Alternating courses of lap siding create strong yet simple lines to the exterior of the Larkview, Prairie-style update to the classic farmhouse. Walking in the front door draws you through the welcoming entry hall to the great room - the living, dining and kitchen areas are open to one another. On the right side of the home is the owners' suite which features a large walk-in closet and walk-in shower. Two addtional bedrooms and a full bathroom are located on the second floor.
The Flagstone is a charming, bungalow inspired ranch-style home design. Walking through the front door you are drawn through a long foyer. To the right is and opening that leads to two bedrooms and bathroom. On the left a pocket door hides a mudhall that transitions between the garage and the utility room. In the rear of the house is the great room with a corner gas fireplace that can also be enjoyed from the dining room and kitchen. Accessed off the great room is the master suite which features a large sized walk-in closet and well appointed bathroom.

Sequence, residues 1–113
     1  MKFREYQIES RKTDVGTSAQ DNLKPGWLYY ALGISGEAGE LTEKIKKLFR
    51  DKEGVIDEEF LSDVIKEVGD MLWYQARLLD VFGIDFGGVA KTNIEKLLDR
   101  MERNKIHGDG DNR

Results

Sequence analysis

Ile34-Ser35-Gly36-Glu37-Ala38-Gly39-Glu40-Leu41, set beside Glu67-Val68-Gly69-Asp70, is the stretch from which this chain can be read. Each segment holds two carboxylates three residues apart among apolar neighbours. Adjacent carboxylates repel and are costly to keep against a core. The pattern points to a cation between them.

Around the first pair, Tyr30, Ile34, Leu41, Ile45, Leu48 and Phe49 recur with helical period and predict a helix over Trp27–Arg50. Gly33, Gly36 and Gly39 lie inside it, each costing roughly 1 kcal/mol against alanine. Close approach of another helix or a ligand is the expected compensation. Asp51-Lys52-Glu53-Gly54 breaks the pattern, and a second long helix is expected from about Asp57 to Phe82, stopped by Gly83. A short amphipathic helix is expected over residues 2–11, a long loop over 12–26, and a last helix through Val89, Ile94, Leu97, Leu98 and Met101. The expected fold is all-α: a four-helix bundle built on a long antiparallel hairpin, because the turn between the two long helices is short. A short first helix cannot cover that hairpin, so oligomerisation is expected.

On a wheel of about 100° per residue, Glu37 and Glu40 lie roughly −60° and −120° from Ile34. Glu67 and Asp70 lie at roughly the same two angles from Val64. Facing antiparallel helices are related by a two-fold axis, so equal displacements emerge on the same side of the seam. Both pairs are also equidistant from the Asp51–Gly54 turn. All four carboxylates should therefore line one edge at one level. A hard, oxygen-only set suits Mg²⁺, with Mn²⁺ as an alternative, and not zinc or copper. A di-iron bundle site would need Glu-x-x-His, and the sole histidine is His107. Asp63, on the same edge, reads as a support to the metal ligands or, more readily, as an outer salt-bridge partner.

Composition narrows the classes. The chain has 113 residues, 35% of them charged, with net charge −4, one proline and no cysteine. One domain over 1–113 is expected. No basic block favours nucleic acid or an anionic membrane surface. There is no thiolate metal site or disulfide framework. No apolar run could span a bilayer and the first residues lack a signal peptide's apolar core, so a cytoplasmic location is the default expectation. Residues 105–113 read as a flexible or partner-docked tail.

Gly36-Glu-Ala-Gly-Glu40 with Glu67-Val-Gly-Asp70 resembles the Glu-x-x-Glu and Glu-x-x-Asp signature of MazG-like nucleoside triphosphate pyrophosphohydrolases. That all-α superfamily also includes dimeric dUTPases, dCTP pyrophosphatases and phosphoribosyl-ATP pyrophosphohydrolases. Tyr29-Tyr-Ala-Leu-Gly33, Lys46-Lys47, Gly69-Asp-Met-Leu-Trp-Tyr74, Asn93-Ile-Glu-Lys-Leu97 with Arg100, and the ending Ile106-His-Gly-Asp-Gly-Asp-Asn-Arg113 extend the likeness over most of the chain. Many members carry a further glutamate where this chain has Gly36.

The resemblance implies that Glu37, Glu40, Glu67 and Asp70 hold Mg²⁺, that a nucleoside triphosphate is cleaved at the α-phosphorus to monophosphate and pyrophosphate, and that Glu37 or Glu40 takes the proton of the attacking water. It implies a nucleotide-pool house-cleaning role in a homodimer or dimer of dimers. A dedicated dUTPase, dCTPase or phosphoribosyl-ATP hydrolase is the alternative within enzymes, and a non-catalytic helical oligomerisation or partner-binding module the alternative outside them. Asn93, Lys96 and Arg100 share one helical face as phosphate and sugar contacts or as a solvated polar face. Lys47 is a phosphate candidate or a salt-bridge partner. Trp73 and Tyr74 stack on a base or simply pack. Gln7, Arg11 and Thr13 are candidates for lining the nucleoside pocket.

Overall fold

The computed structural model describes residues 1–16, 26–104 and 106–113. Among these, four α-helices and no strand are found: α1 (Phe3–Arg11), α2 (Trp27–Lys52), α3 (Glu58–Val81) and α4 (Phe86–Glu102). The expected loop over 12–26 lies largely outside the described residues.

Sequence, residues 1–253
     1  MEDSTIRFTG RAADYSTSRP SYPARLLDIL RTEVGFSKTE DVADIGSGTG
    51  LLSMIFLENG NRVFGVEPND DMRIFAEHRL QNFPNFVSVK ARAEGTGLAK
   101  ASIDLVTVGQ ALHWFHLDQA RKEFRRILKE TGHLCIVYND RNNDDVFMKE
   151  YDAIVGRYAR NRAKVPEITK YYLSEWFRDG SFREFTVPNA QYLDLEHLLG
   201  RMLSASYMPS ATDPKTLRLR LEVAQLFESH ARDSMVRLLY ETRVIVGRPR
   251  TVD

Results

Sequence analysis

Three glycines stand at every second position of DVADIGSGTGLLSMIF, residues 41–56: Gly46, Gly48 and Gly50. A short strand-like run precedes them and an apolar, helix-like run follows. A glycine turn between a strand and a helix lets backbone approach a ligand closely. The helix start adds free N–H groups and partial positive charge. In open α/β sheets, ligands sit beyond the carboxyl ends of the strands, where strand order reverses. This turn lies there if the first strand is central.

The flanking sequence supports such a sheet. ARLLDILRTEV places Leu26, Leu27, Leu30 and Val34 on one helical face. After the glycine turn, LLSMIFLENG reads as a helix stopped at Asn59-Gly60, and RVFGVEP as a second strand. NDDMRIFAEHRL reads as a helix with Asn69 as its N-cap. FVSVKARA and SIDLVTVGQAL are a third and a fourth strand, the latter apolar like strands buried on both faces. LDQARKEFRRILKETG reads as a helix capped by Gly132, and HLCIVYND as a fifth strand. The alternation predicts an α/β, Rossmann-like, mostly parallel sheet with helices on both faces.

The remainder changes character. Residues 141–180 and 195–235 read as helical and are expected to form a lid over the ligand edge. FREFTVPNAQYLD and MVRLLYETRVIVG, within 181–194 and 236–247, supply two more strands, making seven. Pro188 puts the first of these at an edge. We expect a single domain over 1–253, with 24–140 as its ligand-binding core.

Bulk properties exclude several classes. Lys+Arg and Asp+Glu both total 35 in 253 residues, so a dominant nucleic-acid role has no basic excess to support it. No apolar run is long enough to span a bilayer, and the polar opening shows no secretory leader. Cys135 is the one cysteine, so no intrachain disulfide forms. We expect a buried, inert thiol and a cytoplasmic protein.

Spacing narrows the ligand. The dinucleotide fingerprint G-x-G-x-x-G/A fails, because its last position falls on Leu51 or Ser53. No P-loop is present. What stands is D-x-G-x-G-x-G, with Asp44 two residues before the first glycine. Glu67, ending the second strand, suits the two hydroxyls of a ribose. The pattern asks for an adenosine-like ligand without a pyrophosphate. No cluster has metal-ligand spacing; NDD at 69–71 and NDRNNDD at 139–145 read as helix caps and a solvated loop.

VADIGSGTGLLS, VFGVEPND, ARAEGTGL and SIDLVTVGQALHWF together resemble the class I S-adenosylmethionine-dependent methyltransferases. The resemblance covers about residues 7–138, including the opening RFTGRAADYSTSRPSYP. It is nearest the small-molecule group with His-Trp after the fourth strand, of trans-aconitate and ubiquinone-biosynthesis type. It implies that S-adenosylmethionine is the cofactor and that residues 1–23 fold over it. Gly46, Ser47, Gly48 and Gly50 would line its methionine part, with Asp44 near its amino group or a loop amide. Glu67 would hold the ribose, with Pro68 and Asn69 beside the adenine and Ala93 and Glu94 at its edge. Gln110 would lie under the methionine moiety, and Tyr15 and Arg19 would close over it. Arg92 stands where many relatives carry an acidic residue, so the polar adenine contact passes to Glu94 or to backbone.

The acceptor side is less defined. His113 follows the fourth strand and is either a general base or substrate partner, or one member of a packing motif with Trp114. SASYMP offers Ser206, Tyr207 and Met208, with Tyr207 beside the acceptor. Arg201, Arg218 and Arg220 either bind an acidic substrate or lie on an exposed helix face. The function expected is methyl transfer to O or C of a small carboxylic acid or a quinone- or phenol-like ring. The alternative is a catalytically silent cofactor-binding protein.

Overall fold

At the beginning of the 20th century, Frank Lloyd Wright introduced a distinct new architectural style that expressed the flat, sweeping prairie of his native Midwest. Simplicity was the name of the game, combining comfort, utility and beauty in a modern look that was a huge departure from the ornamental Victorian house of the previous century.
Appearing to rise from the earth, these homes blended with the landscape. They were earthy and unique, with a façade that hugged the ground. From 1900 to 1930, the prairie-style home was the fashion trend of the home design world.
“Prairie-style homes are bold and modern,” said Rick McAlexander, CEO of Associated Designs Inc. “They are rich and warm with natural colors that are not only inviting but comforting. It’s hard not to feel welcome in a prairie-style house.”
And while Wright broke with tradition in creating his new design, his classic lines thrive today – with just a few changes, of course.
“Because prairie-style homes don’t dominate the lot, its lower profile appeals to homeowners,” McAlexander said. “It’s also an easier home to build and an easier home to maintain, and with that in mind, homeowners take the general concept of the prairie style and add a few 21st century twists to it.”